There is still much dispute over the Iranian nuclear deal, the P5+1, the money, the players and the inspections. There were side deals too, do we really know all there is to know?
Perhaps it is past time that an Inspector General is assigned to the whole deal and talks. How much did the United States really pay to Iran? How many other countries participated in the deal beyond those of the P5+1? Who took bribes? Who is getting kickbacks? What is Ben Rhodes doing these days for a living? Were there really any inspections to confirm Iran’s compliance?
A little known fact is the UN’s top nuclear inspector resigned immediately when President Trump withdrew from the JCPOA.
The International Atomic Energy Agency didn’t give a reason for the sudden resignation of Tero Varjoranta, stating Saturday that it doesn’t comment on confidential personnel matters.
Varjoranta, who was in the role for almost five years, will be replaced temporarily by Massimo Aparo, an Italian nuclear engineer who was most recently the agency’s top inspector for Iran.
The move comes just days after U.S. President Donald Trump announced the United States would withdraw from the 2015 Iran nuclear accord designed to keep Tehran’s atomic weapons program in check.
The Vienna-based nuclear agency says it has no indications Iran is in breach of the accord.
What does Iran know now that could incriminate Western officials? If there is real evidence of international corruption by Western officials, will that affect snap-back sanctions on Iran? Will that affect relations with Britain, France or Germany? Susan Rice admitted to 2 side deals and those documents would not be published or provided.
After passing a 90-day mark on Aug. 6, the following sanctions will snap back on Iran, according to the Treasury Department:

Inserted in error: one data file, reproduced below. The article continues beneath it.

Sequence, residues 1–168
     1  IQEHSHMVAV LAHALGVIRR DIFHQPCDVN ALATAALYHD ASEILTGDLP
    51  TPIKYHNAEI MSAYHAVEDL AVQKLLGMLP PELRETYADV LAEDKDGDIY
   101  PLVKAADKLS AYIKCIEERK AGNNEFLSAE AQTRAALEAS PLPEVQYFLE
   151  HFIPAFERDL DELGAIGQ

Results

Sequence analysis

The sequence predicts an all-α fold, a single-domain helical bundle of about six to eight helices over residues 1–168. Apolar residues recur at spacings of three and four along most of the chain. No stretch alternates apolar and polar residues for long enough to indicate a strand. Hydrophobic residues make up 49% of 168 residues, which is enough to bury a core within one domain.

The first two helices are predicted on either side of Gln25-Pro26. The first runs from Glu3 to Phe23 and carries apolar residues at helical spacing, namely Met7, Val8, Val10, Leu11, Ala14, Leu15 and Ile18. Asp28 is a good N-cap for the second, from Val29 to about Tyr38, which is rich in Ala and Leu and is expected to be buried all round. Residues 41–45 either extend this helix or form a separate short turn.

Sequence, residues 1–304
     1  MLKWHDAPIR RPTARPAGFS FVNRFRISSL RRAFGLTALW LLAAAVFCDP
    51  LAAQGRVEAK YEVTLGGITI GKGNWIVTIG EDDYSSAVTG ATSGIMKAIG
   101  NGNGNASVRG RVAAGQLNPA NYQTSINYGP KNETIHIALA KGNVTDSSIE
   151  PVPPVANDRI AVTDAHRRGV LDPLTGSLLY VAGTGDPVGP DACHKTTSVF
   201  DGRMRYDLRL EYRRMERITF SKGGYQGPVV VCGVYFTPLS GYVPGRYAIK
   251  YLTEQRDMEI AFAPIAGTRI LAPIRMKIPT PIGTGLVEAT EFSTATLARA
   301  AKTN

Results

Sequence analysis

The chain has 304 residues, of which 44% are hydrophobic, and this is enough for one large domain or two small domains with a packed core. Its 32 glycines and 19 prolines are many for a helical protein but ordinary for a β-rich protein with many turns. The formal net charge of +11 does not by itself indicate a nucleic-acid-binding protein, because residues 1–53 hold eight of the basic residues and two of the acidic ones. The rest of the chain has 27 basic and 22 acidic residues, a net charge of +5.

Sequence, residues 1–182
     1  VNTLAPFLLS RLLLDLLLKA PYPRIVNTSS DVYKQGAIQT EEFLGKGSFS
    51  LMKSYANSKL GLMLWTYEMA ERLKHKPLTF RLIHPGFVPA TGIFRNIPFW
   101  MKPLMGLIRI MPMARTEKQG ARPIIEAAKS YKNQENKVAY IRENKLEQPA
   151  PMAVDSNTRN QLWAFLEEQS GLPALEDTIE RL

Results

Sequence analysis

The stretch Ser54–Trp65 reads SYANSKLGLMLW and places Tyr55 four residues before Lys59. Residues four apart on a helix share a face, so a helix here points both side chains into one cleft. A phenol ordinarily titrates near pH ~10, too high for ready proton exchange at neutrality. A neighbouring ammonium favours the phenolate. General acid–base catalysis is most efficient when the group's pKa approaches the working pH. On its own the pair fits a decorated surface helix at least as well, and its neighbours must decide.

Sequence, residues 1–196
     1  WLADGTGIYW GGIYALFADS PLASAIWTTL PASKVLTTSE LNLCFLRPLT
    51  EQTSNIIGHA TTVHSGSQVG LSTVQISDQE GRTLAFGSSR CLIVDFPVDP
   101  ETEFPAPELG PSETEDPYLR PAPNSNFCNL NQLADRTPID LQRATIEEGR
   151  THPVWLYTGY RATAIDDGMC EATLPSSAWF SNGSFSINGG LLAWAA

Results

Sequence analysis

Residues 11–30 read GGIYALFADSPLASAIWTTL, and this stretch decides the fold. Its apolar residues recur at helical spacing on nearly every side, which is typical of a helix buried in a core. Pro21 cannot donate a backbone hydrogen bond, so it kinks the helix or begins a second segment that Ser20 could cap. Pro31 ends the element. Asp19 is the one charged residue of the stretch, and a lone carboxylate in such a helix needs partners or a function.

- Sanctions on Iran buying or acquiring U.S. dollars
- Sanctions on Iran trading gold and other precious metals
- Sanctions on Iran’s sale, supply or trade of metals such as aluminum and steel, as well as graphite, coal and certain software for “integrating industrial processes”
- Sanctions on “significant” sales or purchases of Iranian rials, or the maintenance of significant funds or accounts outside the country using Iranian rials
- Sanctions on issuing Iranian debt
- Iranian auto sanctions
The U.S. will also revoke certain permissions, granted to Iran under the deal, on Aug. 6. These include halting Iran’s ability to export its carpets and foods into the U.S., as well as ending certain licensing-related transactions.
At the end of the 180-day interval on Nov. 4, another set of sanctions will once again be clamped down on Iran:
- Sanctions on Iran’s ports, as well as the country’s shipping and shipping sectors
- Sanctions on buying petroleum and petrochemical products with a number of Iranian oil companies
- Sanctions on foreign financial institutions transacting with the Central Bank of Iran and other Iranian financial institutions
- Sanctions on the provision of certain financial messaging services to Iran’s central bank and other Iranian financial institutions
- Sanctions on the provision of underwriting services, insurance, or reinsurance
- Sanctions on Iran’s energy sector
The following day, on Nov. 5, the Trump administration will disallow U.S.-owned foreign entities from being allowed to engage in certain transactions with Iran. Sanctions on certain Iranian individuals will also be re-imposed on Nov. 5.
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